You beat the odds in this upside down economy. You not only held on to your job but got that promotion you wanted. The salary’s good, the perks are nice. The last thing you want to do now is blow it. Some guerilla survival tips:
Micromanaging. It’s tempting to still do all those little chores yourself. I know, I’ve been there, done that. Making copies of important documents, setting up and organizing files on the computer, arranging meetings and doing the countless little things your staff can and should do. Even if you’re a perfectionist, you have to resist the urge. Your job now is to delegate. You’re still responsible for what your staff does, so make sure they know what’s expected of them. Other than that, you’ll just have to let go.
Fraternization. Even if you were drinking buddies or chatty party buddies off hours, you’ll now have to put a little daylight between you and your troops. You can’t make the mistake of still being overly friendly with some while ignoring others. At work, everyone must be treated equally. You can’t invite your buddies (now under you) into your office for non-work related chats. It only creates resentment among your other troops. This may cause a strain in some relationships, but that’s the price you pay for being promoted.
Rudderless Leadership. Don’t assume that those now under you know what’s expected of them. “Just continue what you’ve been doing” is a poor leader’s cop out. Gather everyone into your office or conference room and let them know what your general guidelines and procedures will be under your leadership. Follow up with a one-on-one for each person under you, explaining in detail what you expect of them and the specific procedures for their job. One caveat here: Don’t make any sudden and drastic changes to procedure. Let the troops get used to you first; then slowly implement the changes you need to run things the way you like.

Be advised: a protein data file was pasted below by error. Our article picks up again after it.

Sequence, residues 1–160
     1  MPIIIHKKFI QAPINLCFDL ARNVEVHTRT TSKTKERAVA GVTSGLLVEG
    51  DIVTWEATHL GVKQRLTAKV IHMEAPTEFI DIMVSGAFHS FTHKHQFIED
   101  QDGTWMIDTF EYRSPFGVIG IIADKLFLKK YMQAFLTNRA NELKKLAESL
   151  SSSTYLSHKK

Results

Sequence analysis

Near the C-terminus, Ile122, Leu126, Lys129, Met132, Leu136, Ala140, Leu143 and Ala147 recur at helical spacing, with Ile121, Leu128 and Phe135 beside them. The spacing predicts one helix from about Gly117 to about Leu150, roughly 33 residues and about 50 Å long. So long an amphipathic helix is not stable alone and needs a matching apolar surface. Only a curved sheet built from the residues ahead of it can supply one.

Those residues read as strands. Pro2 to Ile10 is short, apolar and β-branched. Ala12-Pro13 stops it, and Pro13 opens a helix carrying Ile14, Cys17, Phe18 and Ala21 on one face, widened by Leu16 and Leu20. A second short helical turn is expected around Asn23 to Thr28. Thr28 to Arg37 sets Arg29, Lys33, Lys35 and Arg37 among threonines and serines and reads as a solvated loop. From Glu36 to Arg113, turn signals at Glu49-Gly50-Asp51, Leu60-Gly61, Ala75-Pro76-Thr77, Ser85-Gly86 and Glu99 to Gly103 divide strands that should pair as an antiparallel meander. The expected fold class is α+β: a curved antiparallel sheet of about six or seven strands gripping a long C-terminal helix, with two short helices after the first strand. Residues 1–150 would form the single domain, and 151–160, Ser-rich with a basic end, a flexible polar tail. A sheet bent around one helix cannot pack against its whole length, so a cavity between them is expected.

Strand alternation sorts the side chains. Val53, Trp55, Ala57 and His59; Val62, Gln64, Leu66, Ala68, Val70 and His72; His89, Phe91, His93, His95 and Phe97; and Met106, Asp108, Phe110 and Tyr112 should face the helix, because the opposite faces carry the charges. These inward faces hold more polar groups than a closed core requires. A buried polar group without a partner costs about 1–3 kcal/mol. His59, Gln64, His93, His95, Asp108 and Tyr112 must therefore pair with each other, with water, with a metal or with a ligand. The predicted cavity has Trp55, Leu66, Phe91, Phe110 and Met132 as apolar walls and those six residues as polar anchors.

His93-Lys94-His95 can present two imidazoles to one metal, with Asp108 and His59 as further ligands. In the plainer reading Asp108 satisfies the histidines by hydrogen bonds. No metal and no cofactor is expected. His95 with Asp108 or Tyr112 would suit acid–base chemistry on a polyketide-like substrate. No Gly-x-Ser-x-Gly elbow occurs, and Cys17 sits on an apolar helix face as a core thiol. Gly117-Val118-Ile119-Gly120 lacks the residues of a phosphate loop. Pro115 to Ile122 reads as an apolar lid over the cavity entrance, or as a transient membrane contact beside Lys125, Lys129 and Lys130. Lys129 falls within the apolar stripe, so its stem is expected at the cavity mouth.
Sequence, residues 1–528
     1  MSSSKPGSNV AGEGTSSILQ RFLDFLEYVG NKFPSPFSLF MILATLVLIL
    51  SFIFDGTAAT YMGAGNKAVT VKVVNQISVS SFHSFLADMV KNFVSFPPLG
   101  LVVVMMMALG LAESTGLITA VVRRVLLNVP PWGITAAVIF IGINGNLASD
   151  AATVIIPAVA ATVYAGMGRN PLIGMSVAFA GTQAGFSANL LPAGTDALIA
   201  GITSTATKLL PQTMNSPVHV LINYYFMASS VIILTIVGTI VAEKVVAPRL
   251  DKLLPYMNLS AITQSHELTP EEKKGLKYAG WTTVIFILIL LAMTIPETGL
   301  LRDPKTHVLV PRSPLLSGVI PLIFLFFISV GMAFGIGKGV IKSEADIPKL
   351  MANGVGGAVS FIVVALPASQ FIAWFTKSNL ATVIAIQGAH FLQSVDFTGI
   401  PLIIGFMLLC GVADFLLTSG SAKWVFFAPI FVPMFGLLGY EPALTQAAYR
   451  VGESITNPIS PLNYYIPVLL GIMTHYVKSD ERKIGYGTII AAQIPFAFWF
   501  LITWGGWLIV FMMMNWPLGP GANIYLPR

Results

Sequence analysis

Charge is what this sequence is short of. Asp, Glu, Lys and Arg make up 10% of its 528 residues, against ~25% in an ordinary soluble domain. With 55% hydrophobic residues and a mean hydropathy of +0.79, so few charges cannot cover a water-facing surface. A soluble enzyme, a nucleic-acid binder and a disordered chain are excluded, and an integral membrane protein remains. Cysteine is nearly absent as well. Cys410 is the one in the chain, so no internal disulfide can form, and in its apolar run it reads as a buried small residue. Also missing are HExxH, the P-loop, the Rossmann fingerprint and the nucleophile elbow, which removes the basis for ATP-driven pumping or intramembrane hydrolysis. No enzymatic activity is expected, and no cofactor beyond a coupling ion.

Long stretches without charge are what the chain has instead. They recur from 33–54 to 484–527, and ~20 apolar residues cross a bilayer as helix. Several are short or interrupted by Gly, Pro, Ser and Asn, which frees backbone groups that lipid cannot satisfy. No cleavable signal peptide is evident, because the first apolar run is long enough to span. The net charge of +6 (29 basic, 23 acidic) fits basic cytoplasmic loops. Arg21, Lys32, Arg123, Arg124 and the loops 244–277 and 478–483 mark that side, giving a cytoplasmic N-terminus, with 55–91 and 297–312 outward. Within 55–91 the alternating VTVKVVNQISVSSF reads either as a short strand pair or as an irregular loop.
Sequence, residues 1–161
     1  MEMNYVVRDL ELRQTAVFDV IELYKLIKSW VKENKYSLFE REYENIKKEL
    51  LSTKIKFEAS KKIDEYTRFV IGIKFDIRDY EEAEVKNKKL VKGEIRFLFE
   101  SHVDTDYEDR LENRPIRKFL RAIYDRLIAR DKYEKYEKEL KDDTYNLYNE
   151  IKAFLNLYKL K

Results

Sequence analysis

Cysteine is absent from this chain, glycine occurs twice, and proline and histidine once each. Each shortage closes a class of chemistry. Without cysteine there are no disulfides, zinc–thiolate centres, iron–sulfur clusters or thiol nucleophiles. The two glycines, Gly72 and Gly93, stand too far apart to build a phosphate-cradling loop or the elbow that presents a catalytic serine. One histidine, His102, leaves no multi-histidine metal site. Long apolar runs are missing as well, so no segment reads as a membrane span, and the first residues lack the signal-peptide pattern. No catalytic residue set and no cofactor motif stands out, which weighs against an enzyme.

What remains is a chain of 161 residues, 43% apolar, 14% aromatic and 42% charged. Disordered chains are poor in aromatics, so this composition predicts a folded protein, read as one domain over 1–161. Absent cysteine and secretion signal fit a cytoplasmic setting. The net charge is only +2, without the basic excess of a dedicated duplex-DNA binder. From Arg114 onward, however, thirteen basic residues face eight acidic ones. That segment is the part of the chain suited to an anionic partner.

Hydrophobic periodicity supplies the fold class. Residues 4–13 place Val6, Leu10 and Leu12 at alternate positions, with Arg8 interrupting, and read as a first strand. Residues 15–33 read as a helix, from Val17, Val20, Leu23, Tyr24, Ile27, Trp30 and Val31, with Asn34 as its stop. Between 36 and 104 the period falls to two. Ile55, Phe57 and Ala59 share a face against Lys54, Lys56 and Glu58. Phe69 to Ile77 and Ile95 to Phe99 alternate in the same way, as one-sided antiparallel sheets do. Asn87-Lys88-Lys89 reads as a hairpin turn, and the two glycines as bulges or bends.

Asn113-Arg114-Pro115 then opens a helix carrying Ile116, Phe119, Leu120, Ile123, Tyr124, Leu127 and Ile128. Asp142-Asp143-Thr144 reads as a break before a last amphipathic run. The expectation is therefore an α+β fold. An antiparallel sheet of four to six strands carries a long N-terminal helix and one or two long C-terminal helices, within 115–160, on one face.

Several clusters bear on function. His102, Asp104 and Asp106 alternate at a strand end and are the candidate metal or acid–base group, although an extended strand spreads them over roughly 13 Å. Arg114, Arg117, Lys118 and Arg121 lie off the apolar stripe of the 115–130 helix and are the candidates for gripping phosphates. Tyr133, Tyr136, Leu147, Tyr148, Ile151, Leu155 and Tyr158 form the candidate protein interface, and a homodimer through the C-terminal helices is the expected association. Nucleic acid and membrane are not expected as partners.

Ignoring Rewards/Discipline. Don’t just hide in your office, even if things seem to be going well. Your staff will want to know if they’re meeting your expectations. Tell them. Be eager and ready to hand out compliments for jobs well done. Motivate achievers with positive feedback. On the flip side, don’t shy away from pointing out problems. Do this one-on-one with any underperformers. Follow up with training and specific guidelines to correct any problems.
Fear of Firing. The time will come when you’ll have to let someone go. Don’t fight the process. Or assume that the problem will work itself out. A bad apple will eventually spoil the entire barrel. If, after several warnings and extra “training,” your problem employee is still a problem, it’s time to let him or her go.
Every promotion has its challenges. But with perspective, preparation and the right attitude, you can and will succeed. Comments? Add them to the box below.
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